I also think a lot about “acts” in a story. Even within scenes, there needs to be a start, a middle, and an ending before going to the next scene. If you can land a solid end of a scene you can weave in transitions. I think that’s why many people tell me they never felt confused going back and forth between the two worlds. They unconsciously felt that “ending” that let them know what was happening in one world was about to pausing and pick up with the caretaker’s world.


 

Mikey P:

There is a lot of potential for open interpretations of this story as well. Would you/ do you answer fan questions about conflict details or meanings or do you like leaving it up to each reader?


 

Melissa:

Part of the fun of having something be silent is that allows the viewer to fill in the gaps. Some of my favorite conversations are with parents who read ATC with their kids. They tell me how fun it is for them to interpret what’s going on in the scenes and it allows them to talk about it together.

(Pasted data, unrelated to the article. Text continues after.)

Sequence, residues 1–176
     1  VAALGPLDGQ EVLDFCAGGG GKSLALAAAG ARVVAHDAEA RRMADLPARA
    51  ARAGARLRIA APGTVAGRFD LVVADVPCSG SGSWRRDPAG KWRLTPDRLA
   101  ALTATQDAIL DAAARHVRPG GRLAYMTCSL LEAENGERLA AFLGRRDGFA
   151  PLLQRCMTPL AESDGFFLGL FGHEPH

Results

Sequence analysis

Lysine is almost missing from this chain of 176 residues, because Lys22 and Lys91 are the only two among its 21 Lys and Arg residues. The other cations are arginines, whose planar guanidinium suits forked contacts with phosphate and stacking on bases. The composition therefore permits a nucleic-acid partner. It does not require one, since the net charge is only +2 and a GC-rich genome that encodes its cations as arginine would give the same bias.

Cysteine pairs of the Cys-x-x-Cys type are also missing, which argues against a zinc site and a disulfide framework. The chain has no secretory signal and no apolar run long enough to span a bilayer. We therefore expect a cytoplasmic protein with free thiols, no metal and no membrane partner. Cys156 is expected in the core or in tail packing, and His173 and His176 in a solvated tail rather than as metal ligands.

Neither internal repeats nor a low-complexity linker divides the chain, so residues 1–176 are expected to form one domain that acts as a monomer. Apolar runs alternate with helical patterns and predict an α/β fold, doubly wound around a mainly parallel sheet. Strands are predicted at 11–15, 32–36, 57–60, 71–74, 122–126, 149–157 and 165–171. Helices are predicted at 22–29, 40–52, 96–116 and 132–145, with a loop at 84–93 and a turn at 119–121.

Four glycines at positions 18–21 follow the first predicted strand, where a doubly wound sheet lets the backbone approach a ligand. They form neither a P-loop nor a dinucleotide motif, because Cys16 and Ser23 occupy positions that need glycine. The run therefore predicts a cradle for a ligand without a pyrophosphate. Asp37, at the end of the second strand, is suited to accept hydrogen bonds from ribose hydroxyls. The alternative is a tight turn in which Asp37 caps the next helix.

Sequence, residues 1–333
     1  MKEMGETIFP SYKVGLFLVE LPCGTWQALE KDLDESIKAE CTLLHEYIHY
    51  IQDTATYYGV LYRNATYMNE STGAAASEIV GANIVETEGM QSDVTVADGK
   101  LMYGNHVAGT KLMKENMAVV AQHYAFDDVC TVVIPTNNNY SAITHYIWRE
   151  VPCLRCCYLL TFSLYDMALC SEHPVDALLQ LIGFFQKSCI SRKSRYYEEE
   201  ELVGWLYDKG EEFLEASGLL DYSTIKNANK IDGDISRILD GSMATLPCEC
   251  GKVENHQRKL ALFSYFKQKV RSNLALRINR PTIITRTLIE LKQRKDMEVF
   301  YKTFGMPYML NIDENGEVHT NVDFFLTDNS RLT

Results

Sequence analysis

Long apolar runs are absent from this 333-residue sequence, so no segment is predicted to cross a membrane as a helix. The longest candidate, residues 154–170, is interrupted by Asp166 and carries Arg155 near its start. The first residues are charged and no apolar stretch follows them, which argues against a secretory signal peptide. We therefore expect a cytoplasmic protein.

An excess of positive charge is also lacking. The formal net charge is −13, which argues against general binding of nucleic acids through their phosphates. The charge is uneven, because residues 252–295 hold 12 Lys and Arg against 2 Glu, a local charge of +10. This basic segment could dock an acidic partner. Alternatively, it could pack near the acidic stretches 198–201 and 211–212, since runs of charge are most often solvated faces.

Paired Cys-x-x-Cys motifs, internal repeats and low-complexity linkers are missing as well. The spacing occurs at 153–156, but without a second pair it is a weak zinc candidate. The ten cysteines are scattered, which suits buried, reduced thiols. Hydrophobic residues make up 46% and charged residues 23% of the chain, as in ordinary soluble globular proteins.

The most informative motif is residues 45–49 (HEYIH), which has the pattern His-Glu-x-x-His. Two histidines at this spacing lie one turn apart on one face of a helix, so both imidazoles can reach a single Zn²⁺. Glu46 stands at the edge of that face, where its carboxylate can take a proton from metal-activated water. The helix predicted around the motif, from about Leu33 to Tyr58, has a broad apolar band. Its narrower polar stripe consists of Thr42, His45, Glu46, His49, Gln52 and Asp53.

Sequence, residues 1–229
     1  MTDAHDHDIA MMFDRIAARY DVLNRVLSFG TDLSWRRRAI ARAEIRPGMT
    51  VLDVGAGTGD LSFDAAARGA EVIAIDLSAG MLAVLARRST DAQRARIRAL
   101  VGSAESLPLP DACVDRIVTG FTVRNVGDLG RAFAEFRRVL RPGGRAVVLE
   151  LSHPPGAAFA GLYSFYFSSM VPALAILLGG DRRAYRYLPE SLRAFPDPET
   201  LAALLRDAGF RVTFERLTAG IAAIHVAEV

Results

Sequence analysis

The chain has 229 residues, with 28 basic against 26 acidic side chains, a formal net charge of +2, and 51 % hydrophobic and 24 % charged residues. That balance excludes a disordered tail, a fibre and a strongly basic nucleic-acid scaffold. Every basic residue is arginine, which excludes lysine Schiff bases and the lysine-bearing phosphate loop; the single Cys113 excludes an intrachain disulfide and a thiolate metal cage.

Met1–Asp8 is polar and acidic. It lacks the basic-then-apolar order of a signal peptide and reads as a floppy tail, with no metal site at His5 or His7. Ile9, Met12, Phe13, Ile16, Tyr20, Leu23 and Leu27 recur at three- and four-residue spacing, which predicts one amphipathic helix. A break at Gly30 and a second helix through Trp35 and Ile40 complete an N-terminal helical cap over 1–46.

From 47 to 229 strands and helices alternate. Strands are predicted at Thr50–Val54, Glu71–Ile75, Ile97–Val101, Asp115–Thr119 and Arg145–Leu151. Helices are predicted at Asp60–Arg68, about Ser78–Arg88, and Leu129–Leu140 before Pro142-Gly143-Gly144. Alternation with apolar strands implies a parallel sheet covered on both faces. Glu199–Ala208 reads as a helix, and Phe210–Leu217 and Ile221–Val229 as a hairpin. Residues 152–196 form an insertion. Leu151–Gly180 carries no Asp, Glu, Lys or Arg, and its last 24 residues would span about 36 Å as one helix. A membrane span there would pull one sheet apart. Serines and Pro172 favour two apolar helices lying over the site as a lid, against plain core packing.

Art is fun that way. I may have started with a certain framework when creating the story but once it’s out there, people get to project their own experiences and feelings into what they are consuming. But if they asked what my framework was behind a scene I’m more than happy to share what I was trying to accomplish.


 

Mikey P:

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Eily writes that she would spend all her days drawing if she could while Cian, the reluctant writer, is only pushed to continue from Eily’s pleading. There’s even a comparison made of a dragon representing a fear that needs to be confronted.  You are both writer and artist on this work and I can't help wondering if this related to your internal struggles...